Resources and Research

Fantasy may be set in a location straight from the author’s imagination, but there are still times when a little research goes a long way.  The right resources and a tiny influx of information can make it easier to write a section and give it a more authentic feel, all in one fell swoop.

That happened to me tonight.  I had to pull out some research for the next section (I wrote) of Burden.  (It’s actually part 7, so you’ll have to wait a little to see the fruits of my labor.)  Three resources served me well tonight, although one of them is not as “legitimate” as the others.

The illegitimate resource I am referring to is Wikipedia.  One of my bosses hates that website, and I am a little ashamed to admit that I used it tonight.  In my defense, however, it is a great place to quickly find info that might not be readily available elsewhere.  For example:  medieval dog breeds that are now extinct.  The page I linked as an example references a dictionary and three 15th and 16th century books, none of which I have at hand.  🙂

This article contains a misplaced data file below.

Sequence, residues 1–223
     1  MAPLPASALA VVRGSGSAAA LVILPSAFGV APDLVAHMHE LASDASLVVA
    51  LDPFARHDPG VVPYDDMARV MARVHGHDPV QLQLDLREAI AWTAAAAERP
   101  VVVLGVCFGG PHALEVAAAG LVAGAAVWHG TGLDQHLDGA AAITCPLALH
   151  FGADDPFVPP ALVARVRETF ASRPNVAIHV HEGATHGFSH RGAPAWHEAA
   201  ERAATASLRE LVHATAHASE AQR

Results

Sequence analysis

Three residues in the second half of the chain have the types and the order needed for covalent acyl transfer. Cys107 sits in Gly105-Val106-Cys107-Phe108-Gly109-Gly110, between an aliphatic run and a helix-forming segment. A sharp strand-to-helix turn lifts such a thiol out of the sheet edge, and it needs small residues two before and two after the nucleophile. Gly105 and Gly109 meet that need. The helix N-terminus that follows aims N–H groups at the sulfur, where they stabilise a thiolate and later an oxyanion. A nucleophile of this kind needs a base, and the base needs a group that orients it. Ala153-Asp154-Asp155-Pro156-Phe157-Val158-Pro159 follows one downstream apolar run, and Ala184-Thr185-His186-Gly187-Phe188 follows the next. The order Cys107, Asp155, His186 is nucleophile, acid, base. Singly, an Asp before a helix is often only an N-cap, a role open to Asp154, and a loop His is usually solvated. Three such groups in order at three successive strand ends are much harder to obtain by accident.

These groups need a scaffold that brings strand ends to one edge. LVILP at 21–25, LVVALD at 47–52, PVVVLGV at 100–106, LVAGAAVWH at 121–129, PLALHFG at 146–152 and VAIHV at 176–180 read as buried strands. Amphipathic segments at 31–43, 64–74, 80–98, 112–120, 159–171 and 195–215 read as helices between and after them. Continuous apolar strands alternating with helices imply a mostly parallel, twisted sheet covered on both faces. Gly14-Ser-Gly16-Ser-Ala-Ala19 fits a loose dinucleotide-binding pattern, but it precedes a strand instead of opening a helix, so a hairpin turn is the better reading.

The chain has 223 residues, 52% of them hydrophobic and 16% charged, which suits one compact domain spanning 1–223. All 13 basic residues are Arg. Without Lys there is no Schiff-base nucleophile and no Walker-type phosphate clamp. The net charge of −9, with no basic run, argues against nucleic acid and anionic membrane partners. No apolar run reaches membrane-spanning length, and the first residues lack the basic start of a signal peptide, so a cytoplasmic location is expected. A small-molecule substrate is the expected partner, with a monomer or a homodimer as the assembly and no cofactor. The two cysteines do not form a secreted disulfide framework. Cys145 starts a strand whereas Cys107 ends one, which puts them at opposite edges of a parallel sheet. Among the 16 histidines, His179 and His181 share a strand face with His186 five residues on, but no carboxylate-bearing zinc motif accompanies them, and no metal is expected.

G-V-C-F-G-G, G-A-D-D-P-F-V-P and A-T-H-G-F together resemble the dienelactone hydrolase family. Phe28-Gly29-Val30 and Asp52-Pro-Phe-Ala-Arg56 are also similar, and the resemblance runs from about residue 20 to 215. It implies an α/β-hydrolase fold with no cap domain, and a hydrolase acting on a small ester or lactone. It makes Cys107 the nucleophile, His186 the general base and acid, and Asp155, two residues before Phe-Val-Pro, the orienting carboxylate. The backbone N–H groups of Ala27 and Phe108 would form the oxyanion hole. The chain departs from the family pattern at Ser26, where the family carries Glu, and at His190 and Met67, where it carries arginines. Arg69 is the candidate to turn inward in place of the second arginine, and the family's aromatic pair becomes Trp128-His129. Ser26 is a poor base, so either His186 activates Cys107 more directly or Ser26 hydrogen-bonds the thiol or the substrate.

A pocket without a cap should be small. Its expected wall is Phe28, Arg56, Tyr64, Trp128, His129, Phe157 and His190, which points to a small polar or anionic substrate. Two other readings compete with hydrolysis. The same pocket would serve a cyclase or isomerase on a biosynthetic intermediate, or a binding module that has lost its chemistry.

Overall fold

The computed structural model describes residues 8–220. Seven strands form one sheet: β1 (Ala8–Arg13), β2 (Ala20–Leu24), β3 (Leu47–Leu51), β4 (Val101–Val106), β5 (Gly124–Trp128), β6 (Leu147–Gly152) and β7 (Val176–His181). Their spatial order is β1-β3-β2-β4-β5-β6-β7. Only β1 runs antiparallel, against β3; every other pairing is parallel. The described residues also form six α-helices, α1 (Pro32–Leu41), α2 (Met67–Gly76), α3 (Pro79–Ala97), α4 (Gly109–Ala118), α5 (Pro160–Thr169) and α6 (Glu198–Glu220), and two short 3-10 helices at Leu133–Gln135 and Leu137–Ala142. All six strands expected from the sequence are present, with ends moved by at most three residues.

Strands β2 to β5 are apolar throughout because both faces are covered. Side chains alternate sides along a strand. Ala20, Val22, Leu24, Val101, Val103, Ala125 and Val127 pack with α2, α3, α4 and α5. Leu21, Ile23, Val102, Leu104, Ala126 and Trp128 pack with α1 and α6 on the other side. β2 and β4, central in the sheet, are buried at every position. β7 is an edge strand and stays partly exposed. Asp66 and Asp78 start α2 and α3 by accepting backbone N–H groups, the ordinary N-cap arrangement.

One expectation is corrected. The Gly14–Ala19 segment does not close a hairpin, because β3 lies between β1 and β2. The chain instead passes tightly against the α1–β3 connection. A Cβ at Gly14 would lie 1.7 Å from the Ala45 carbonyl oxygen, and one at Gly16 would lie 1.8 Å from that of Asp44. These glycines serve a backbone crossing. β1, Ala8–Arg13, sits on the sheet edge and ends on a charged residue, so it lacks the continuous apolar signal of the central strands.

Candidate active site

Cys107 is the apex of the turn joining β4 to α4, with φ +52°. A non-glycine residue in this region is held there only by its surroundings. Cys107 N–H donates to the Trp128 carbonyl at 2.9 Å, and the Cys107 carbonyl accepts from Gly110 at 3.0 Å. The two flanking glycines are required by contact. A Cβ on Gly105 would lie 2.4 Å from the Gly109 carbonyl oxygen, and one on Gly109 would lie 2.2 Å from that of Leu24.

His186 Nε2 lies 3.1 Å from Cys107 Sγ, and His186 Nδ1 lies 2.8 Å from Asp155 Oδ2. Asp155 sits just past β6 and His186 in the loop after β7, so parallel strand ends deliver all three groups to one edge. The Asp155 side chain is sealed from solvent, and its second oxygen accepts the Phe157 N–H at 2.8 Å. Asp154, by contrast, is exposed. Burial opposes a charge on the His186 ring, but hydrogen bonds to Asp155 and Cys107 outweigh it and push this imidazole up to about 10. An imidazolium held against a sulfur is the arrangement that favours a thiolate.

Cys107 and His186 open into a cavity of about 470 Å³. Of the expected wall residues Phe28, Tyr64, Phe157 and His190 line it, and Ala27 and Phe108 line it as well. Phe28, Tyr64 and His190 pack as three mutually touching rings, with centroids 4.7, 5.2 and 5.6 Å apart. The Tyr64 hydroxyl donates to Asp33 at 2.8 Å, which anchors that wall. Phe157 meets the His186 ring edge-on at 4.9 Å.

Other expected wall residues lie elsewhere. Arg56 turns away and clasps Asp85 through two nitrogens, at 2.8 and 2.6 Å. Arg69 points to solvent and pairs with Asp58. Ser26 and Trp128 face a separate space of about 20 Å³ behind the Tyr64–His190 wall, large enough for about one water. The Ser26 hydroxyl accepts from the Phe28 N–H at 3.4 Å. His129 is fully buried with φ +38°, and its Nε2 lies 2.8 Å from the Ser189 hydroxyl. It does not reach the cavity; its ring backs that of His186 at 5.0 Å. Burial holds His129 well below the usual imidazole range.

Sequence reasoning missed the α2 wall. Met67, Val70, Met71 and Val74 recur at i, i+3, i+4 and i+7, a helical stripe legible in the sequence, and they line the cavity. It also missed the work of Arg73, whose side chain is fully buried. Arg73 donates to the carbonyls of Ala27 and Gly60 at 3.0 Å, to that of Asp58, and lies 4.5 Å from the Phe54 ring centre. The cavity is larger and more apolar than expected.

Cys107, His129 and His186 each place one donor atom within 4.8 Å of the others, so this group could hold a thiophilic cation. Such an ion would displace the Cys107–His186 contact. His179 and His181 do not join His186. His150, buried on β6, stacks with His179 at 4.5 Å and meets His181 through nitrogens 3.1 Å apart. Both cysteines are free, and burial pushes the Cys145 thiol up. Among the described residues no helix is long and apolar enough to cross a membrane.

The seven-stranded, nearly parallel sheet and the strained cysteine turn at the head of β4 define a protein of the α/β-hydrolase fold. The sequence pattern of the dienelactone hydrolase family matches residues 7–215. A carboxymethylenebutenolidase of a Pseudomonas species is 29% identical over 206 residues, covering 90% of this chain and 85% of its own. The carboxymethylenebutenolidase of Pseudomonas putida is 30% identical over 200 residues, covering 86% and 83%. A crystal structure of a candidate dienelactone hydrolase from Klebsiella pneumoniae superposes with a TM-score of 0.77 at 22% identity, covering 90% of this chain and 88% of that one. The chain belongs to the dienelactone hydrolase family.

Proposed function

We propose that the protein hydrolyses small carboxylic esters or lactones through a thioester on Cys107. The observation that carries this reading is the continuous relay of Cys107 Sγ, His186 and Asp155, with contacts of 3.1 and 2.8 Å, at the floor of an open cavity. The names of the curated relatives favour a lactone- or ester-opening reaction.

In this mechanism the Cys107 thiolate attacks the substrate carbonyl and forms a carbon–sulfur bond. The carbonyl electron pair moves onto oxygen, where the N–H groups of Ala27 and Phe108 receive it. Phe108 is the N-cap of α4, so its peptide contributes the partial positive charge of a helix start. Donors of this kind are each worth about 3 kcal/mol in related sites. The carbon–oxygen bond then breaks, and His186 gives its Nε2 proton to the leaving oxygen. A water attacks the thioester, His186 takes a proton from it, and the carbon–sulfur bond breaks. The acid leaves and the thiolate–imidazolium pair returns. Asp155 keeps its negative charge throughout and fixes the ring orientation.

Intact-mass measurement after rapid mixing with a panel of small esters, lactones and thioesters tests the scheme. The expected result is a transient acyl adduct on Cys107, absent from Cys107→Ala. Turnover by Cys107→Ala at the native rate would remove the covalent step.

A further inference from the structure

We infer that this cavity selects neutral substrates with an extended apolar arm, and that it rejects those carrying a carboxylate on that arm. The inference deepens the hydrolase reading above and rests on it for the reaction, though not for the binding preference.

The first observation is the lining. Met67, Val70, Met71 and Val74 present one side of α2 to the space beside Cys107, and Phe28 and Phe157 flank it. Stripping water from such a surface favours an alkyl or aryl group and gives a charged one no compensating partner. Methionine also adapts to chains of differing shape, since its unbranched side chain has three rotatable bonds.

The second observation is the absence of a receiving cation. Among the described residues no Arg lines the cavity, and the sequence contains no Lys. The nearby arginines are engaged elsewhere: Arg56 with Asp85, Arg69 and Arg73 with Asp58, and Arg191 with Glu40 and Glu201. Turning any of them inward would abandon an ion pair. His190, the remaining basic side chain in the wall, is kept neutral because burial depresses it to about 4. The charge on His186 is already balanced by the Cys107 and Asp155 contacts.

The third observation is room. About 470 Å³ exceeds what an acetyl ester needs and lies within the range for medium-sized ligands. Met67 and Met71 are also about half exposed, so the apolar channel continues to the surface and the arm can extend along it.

I also used the great kids’ book Till Year’s Good End by W. Nikola-Lisa, which has awesome information about the seasonal tasks of medieval peasants.  I haved a signed copy (thanks, Mom) that I have referred to more than once in the process of writing.  I also briefly reviewed weaponry in The Writer’s Complete Fantasy Reference.  This last book has not quite lived up to its claim of completeness, but it does come in handy from time to time.

It’s getting interesting to blog here about the story I’m posting elsewhere, as I am starting to get quite a bit ahead of what you can read.  Perhaps I should get my rear in gear and send some queries, so I can write about that instead.  🙂


2 Comments (+add yours?)

  1. Barb
    Sep 30, 2010 @ 08:31:28

    I also use Wikipedia as a starting point, or for summary reasons (if I’m writing about an historical character, the Wikipedia bio is useful to remind myself dates, I know I have to counter-check with other sources). If not the Wiki-articles themselves, the links and references provided are usually quite useful…
    Let’s Wikipedia! 😀


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